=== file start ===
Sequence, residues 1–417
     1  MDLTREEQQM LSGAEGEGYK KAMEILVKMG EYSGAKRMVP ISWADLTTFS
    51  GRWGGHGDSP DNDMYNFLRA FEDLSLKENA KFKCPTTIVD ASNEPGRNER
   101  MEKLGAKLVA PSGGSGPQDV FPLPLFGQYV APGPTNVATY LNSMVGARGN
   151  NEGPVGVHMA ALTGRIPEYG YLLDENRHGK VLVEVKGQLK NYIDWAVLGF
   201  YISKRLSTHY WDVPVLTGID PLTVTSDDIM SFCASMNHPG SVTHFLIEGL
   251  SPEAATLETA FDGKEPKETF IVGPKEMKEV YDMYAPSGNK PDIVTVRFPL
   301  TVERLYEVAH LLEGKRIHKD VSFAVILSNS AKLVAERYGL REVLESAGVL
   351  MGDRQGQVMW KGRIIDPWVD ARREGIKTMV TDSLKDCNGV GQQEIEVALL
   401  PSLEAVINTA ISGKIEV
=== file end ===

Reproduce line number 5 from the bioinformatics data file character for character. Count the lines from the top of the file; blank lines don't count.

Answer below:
   151  NEGPVGVHMA ALTGRIPEYG YLLDENRHGK VLVEVKGQLK NYIDWAVLGF